The USGS ShakeCast System

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Early on the morning of August 24, 2014, Loren Turner was awoken by clattering window blinds, a moving bed, and the sound of water splashing out of his backyard pool. He experienced what is now named the “South Napa Earthquake.” 

2014 South Napa Earthquake in California
Pavement buckling and tented sidewalk resulting from the South Napa Earthquake. Photograph credit: Thomas Holzer, USGS(Public domain.)
USGS ShakeCast System

Turner lives in Davis, California, about 45 miles northeast of Napa, the epicenter of the magnitude 6.0 earthquake.

As a native Californian and Senior Transportation Engineer for the California Department of Transportation (Caltrans), Turner assumed it was a common seismic event and quickly gathered the details. His job is to help assess the wellbeing of the transportation infrastructure used by over 7 million people in the San Francisco Bay area.
 
“Within a few minutes, I received an email from the U.S. Geological Survey (USGS) that identified the location and magnitude of the earthquake. Soon after, their Web site provided maps—known as ShakeMaps—of shaking intensity,” said Turner.   

The ShakeCast System

 

The USGS ShakeCast system provides rapid estimates of the severity and extent of earthquake shaking by using USGS near-real-time earthquake monitoring and ground-motion equations. ShakeCast allows organizations to determine the “shaking value” at their facilities, set thresholds for notification of damage, and automatically receive notifications.

According to Turner, emails from the ShakeCast system arrived at the Caltrans servers just 11 minutes after the earthquake began. Others at Caltrans received the same ShakeCast messages—in addition to other alerts, such as event details from the USGS Earthquake Notification Service—and initiated earthquake-response protocols.

“I was certainly reassured knowing that the Caltrans ShakeCast system performed as designed and that the best possible information about potential impacts to bridges [was] made available to our Caltrans responders,” said Turner.

ShakeCast is used for most of the Department of Homeland Security’s 16 critical infrastructure sectors, including transportation, nuclear reactors, water systems, defense, and energy. ShakeCast is also used by many international agencies, including the International Atomic Energy Agency. 

Early next year, Caltrans is leading a project with the Federal Highway Administration and several other State departments of transportation to expand ShakeCast capabilities nationally. This project includes the States of Washington, Utah, Oregon, Idaho, and Oklahoma.

 

Damage from South Napa Earthquake
Damaged unreinforced masonry building on Main Street in downtown Napa, California. Photograph credit: Erol Kalkan, USGS(Public domain.)
Focusing Resources and Saving Lives

In several significant California earthquakes over the last 8 years, ShakeCast identified potentially damaged bridges where damage was later verified by inspection. The South Napa Earthquake was the most recent event where bridges were affected and ShakeCast messages distributed. Of the 2,720 State bridges in the affected area, 87 were flagged by ShakeCast as potentially affected, nine of which were later confirmed as damaged.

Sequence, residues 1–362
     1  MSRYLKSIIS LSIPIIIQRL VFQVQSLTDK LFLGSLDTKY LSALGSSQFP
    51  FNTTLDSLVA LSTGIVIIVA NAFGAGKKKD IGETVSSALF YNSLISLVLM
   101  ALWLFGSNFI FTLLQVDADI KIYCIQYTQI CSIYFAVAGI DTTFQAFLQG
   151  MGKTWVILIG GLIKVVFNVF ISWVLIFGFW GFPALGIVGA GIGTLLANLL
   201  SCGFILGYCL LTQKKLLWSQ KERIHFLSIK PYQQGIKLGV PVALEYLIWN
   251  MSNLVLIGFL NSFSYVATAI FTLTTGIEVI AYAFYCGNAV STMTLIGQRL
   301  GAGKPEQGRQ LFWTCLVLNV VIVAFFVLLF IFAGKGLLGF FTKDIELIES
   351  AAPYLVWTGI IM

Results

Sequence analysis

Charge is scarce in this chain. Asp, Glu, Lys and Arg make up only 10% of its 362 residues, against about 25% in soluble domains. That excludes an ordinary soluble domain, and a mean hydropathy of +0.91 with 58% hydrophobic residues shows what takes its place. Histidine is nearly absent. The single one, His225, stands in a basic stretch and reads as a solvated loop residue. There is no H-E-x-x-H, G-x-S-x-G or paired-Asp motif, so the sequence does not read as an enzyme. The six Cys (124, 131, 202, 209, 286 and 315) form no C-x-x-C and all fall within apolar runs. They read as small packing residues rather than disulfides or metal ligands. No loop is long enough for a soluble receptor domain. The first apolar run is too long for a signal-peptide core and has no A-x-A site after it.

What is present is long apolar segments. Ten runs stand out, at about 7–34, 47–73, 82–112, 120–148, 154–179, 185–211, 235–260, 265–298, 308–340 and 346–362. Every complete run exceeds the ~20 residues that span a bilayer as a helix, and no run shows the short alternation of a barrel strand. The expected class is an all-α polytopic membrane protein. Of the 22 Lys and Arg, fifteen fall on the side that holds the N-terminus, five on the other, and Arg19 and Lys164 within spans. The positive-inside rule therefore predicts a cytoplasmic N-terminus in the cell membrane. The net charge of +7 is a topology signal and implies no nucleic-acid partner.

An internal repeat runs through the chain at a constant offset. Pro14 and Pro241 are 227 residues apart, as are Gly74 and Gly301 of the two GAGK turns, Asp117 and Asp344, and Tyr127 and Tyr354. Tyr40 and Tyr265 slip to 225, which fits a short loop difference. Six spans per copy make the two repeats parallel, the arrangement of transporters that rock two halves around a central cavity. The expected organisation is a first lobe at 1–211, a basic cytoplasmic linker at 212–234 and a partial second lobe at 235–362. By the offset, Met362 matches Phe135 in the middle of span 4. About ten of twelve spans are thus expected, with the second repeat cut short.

“ShakeCast provides a more focused post-earthquake response,” said Dr. David Wald, the leader of the USGS ShakeCast project. “The ShakeCast notifications and related products provide responders a heightened level of situational awareness in the minutes and hours following an earthquake.”
 
ShakeCast enables effective use of limited staff resources by identifying regions where concentrations of bridge damage are possible. The system prepares Caltrans management to communicate the potential effects of earthquakes to partner agencies and key stakeholders when little information is otherwise available.
 
“In addition to identifying potentially serious problems with critical lifeline facilities and infrastructure due to strong shaking, ShakeCast can also save lifeline and business continuity operators from costly, unnecessary inspection over large areas where the shaking is deemed unlikely to cause damage," said Wald.
 
Total earthquake damage in the southern Napa Valley and Vallejo areas totaled nearly $400 million, with one person killed and 200 injured. Larger earthquakes in California could generate many times more damage over much larger areas; ShakeMap and ShakeCast are there to help direct and optimize post-earthquake response efforts. 

An Instrumental Intensity “ShakeMap,” depicts the ground shaking produced by the 2014 South Napa earthquake. Warmer colors repre
(Public domain.)

 

USGS “ShakeMap” depicts the ground shaking produced by the 2014 South Napa Earthquake. Warmer colors represent stronger shaking.

“Did You Feel It?” community intensity map indicating the severity of shaking felt by people in central California during the So
(Public domain.)

 

USGS “Did You Feel It?” map indicating the severity of shaking felt by people in central California during the South Napa Earthquake in 2014.